The pioneers of Qianjiang paintings are Cheng Men,Jin Pin Qing and Wang Shao Wei.  Jin and Wang worked for the imperial factory during the reign of Tongzhi and Guangxu eras.   In fact recent materials uncovered also indicated that Cheng Men had also worked in the Imperial kiln. During the initial phase till about 1885 (10th year of Guangxu), Qianjiang porcelains were only produced by a small circle of cultivated artists who were well-versed in Chinese literature and highly skilled painters and calligraphers. The production was probably of a small scale and intended for a specialised group of consumers, mainly those from the gentry’s class. In fact, it is difficult to find works which are dated before 1885.  (This demarcation was suggested in an article by a Chinese Qianjiang collector, Mr Zhao Rong Hua.  This is very much in line with my observation of pieces belonging to myself and fellow collectors in Singapore.).  Most of the pieces during this period were executed with light tone enamels (mainly black, brown, blue, moss green, aquamarine and with spare use of light pink) which are powdery in appearance.  They are pure Qianjiang paintings, visually soft, subdued and pleasing to the eyes. 

The peak period of Qianjiang porcelains production was from 1885 to about 1911.  The pool of Qianjiang artists was enlarged by a maturing group of new entrants trained by the pioneers.  The increased production was easily absorbed by growing demand from an emerging group of affluent consumers.  They have benefited from an economy which has recovered after the suppression of the Taiping, Nian, Muslim and other regional rebellions, and improvement measures taken during the Tongzhi restoration were showing their effects.  Many of the work especially those with birds/flower and human figures were clearly influenced by paintings of artists stationed in Shanghai, which has evolved into a cultural and commercial centre after it was opened up for foreign trade.  The works of the artists in Shanghai, such as Ren Yi, Ren Xiong and Wu Changshuo were popular and in high demand.  This school is given the name Hai pai (海派), i.e. Shanghia style. Hence, it is not surprising that their styles were copied to enhance the appeal of the porcelains to the consumers.  The style of Qianjiang paintings during this period is characterised by more vibrant, stronger and deeper colour tone. This is especially evident in the depiction of birds and flowers.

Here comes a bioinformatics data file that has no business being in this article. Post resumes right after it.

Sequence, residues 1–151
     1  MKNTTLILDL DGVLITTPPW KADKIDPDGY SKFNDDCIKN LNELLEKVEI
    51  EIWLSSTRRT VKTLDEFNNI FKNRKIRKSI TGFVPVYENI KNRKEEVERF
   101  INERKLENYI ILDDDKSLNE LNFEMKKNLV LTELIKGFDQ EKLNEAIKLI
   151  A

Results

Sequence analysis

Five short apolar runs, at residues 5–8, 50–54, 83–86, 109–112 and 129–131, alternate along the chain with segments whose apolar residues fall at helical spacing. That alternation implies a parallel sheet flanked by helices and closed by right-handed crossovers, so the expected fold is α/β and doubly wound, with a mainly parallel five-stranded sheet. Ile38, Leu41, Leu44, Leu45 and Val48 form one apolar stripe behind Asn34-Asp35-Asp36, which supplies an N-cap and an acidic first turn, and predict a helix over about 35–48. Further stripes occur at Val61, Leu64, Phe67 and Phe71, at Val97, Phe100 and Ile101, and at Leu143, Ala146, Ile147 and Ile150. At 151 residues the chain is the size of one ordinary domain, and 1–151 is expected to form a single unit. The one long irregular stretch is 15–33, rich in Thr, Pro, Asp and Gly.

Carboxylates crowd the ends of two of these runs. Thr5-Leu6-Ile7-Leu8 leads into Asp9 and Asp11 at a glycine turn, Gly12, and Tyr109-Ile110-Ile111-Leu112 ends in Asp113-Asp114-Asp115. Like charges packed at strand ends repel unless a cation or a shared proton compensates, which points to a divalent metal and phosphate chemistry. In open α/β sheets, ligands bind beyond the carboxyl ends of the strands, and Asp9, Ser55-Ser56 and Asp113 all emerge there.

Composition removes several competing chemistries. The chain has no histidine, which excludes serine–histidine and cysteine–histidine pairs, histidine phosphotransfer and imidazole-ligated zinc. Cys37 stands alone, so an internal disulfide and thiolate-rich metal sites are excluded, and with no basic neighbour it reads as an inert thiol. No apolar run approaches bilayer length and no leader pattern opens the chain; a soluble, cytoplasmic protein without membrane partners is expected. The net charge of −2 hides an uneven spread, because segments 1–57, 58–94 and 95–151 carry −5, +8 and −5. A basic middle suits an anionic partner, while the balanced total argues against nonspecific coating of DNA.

Work by Fang Jiazhen (方家珍)

 

Examples with the Hai Pai style of drawing

Landscape by Wang You Tang (汪友堂)

From about 1911 increasing number of Qianjiang style paintings used enamels which are essentially a new enamels termed foreign colours (yang cai [洋彩]).  The design using yang cai can be painted directly on vessel just like water colour on paper.   The pigments are synthetic materials whose colorants include metal oxides and silicates.  Range of colour available is wide.  More intermediate shades can be obtained by blending the existing colour.   The enamels are thin and colour more even.  Nowadays, such enamels is more commonly called Shui Cai (水彩).

An example using Shui cai

As the composition of such Shui cai works is similar to earlier Qianjiang works, some collectors have mistaken them to be Qianjiang.  This is stretching the definition of Qianjiang too far as the enamels used is totally different

 

The Imperial Kiln Connection

Two Qianjiang pioneers, Jin Pin Qing and Wang Shaowei had worked in the imperial kiln.  This is convincingly established by Mr Liu Xinyuan  in the book "Brush and Clay" by Simon Kwan.  Mr Liu interview Li Qi, a descendant of Li Yingzhou who headed the imperial factory in the Tongzhi period. Jing and Wang were than known as the "two brushes of the imperial factory".   One of the known work by Jin indicated that it was painted at Huan Cui Pavalion (环翠亭) and another by Wang done at Bangong garden (半弓园), both located within the imperial factory compound.

Some extant works by other Qianjiang artists also indicated they were done at "珠山官廨" or "珠山官舍" i.e. Zhushan government factory or dormitory.  Another interesting observation is a group of qianjiang pieces with the mark "官窑内造", i.e. "Guan Yao Nei Zao" literally means made within the imperial kiln.    This may be a marketing strategy by the imperial kiln artists to differentiate their products.  Generally those with this mark are of good quality. 

   
An example with Guanyao Neizao (官窑内造)mark 

Video of Selected Qianjiang work from my Collection

Selection of my Qianjiang porcelains

Posted by Koh Nai King on Monday, February 20, 2017
 

Written by: NK Koh  (Updated: 23 Feb 2017)